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Transfer Learning for Small and Different Datasets: Fine-Tuning A Pre-Trained Model Affects Performance

Gupta et al. | Oct 18, 2020

Transfer Learning for Small and Different Datasets: Fine-Tuning A Pre-Trained Model Affects Performance

In this study, the authors seek to improve a machine learning algorithm used for image classification: identifying male and female images. In addition to fine-tuning the classification model, they investigate how accuracy is affected by their changes (an important task when developing and updating algorithms). To determine accuracy, a set of images is used to train the model and then a separate set of images is used for validation. They found that the validation accuracy was close to the training accuracy. This study contributes to the expanding areas of machine learning and its applications to image identification.

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The analysis of the viral transmission and structural interactions between the HIV-1 envelope glycoprotein and the lymphocyte receptor integrin α4β7

Ganesh et al. | Apr 28, 2021

The analysis of the viral transmission and structural interactions between the HIV-1 envelope glycoprotein and the lymphocyte receptor integrin α4β7

The Human Immunodeficiency Virus (HIV) infects approximately 40 million people globally, and one million people die every year from Acquired Immune Deficiency Syndrome (AIDS)-related illnesses. This study examined the interactions between the HIV-1 envelope glycoprotein gp120 and the human lymphocyte receptor integrin α4β7, the putative first long-range receptor for the envelope glycoprotein of the virus in mucosal tissues. Presented data support the claim that the V1 loop is involved in the binding between α4β7 and the HIV-1 envelope glycoprotein through molecular dockings.

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Modeling and optimization of epidemiological control policies through reinforcement learning

Rao et al. | May 23, 2023

Modeling and optimization of epidemiological control policies through reinforcement learning

Pandemics involve the high transmission of a disease that impacts global and local health and economic patterns. Epidemiological models help propose pandemic control strategies based on non-pharmaceutical interventions such as social distancing, curfews, and lockdowns, reducing the economic impact of these restrictions. In this research, we utilized an epidemiological Susceptible, Exposed, Infected, Recovered, Deceased (SEIRD) model – a compartmental model for virtually simulating a pandemic day by day.

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Methanotrophic bioremediation for the degradation of oceanic methane and chlorinated hydrocarbons

Lee et al. | Oct 08, 2021

Methanotrophic bioremediation for the degradation of oceanic methane and chlorinated hydrocarbons

Seeking an approach to address the increasing levels of methane and chlorinated hydrocarbons that threaten the environment, the authors worked to develop a novel, low-cost biotrickling filter for use as an ex situ method tailored to marine environments. By using methanotrophic bacteria in the filter, they observed methane degradation, suggesting the feasibility of chlorinated hydrocarbon degradation.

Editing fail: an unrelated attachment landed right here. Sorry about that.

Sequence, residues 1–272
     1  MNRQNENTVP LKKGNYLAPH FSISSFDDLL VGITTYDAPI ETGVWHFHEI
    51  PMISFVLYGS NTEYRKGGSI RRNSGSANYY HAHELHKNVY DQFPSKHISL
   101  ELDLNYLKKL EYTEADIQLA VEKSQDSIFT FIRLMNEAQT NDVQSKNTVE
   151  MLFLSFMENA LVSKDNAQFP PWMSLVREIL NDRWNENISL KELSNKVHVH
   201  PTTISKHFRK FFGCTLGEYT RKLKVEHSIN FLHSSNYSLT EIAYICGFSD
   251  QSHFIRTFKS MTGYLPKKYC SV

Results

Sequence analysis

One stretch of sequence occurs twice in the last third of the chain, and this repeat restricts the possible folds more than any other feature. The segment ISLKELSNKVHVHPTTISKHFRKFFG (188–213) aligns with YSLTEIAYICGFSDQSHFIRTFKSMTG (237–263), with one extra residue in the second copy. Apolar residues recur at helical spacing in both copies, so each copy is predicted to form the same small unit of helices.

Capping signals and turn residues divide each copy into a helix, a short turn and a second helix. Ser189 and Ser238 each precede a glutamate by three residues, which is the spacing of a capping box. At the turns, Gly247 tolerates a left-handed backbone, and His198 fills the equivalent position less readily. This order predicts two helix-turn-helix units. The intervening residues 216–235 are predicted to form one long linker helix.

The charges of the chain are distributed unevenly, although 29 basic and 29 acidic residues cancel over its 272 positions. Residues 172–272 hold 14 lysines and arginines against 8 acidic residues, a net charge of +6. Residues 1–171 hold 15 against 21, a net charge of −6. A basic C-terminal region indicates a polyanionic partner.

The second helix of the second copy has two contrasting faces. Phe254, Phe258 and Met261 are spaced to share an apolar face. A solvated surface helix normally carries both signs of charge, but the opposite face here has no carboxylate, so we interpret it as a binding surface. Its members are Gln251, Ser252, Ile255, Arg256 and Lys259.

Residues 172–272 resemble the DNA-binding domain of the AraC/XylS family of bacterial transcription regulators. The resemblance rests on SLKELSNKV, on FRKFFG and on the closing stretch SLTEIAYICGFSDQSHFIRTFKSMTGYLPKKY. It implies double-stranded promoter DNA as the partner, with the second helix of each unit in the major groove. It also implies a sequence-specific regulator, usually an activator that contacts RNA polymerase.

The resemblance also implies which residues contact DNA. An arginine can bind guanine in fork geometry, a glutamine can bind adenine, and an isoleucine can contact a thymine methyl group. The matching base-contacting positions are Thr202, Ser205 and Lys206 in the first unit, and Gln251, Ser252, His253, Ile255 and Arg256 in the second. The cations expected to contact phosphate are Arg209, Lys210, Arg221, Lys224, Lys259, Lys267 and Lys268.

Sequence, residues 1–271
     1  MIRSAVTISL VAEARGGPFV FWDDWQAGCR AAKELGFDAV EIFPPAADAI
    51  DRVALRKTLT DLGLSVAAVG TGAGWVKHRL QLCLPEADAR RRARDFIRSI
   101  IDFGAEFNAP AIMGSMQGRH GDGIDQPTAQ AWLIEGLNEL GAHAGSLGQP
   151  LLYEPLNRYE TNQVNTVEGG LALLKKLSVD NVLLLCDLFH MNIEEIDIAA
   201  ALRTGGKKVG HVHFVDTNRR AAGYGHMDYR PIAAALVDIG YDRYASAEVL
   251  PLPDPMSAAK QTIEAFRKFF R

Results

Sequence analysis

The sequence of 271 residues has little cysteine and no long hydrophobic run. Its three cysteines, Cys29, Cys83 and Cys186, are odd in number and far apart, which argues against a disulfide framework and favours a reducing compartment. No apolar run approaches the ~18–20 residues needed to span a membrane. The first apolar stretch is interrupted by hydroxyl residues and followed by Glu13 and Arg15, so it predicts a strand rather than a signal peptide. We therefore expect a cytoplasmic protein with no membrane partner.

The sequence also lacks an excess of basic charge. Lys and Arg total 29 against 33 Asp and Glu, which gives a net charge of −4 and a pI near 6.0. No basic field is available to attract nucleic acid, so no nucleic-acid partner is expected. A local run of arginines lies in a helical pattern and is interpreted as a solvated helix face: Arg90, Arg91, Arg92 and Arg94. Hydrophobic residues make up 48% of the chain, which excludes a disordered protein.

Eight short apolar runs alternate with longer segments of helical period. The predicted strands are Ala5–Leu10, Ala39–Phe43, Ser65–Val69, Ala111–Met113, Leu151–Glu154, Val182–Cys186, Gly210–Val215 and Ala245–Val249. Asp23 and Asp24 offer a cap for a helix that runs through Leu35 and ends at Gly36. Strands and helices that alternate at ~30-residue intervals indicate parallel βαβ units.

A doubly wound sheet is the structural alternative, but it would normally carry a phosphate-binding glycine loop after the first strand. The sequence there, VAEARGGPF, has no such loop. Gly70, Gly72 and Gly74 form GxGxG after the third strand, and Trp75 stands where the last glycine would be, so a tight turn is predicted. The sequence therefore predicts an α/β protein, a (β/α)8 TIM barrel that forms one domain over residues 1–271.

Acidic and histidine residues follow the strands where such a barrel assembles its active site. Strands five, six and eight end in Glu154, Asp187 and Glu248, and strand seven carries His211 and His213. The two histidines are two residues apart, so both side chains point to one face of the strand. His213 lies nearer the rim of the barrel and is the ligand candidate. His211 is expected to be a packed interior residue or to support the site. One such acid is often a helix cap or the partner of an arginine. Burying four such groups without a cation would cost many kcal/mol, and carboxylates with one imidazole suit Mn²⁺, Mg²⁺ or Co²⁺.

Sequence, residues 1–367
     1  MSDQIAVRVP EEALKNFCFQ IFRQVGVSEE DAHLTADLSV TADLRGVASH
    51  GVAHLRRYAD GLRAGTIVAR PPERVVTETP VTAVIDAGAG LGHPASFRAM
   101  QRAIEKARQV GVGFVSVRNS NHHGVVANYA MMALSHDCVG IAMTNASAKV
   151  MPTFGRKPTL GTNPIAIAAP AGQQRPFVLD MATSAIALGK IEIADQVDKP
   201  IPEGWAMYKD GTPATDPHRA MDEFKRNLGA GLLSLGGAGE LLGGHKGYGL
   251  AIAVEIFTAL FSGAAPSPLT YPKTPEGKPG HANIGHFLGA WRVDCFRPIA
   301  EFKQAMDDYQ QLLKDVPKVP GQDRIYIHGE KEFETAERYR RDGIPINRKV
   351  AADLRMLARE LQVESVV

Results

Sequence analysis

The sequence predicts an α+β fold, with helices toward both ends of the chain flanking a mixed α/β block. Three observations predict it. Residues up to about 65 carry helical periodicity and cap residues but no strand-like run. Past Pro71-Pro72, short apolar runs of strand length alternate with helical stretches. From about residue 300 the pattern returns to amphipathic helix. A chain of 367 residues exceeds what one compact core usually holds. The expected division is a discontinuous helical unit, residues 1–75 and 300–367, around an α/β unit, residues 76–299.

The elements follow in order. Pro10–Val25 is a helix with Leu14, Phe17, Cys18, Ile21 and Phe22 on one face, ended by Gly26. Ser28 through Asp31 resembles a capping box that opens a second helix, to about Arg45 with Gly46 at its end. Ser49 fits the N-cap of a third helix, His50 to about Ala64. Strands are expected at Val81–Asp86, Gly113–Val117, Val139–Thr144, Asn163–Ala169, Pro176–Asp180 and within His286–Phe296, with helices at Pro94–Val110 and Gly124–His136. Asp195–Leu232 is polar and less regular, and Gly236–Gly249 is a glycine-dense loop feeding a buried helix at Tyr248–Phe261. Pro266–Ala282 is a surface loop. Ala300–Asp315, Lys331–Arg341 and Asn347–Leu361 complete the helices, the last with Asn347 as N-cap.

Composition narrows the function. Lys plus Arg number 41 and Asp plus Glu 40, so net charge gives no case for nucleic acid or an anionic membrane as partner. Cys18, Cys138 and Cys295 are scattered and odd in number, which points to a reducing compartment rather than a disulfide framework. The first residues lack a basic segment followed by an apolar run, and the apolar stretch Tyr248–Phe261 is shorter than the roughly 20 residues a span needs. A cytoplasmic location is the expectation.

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Efficacy of Rotten and Fresh Fruit Extracts as the Photosensitive Dye for Dye-Sensitized Solar Cells

Jayasankar et al. | Jan 16, 2019

Efficacy of Rotten and Fresh Fruit Extracts as the Photosensitive Dye for Dye-Sensitized Solar Cells

Dye-sensitized solar cells (DSSC) use dye as the photoactive material, which capture the incoming photon of light and use the energy to excite electrons. Research in DSSCs has centered around improving the efficacy of photosensitive dyes. A fruit's color is defined by a unique set of molecules, known as a pigment profile, which changes as a fruit progresses from ripe to rotten. This project investigates the use of fresh and rotten fruit extracts as the photoactive dye in a DSSC.

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Developing a Portable, Reusable, and Inexpensive Magnesium-Air Fuel Cell

Tota et al. | Mar 28, 2019

Developing a Portable, Reusable, and Inexpensive Magnesium-Air Fuel Cell

One of the greatest challenges we face today is the sustainable production, storage, and distribution of electrical power. One emerging technology with great promise in this area is that of metal-air fuel cells—a long-term and reusable electricity storage system made from a reactive metal anode and a saline solution. In this study the authors tested several different types of metal to determine which was the most suitable for this application. They found that a fuel cell with a magnesium anode was superior to fuel cells made from aluminum or zinc, producing a voltage and current sufficient for real-world applications such as charging a mobile phone.

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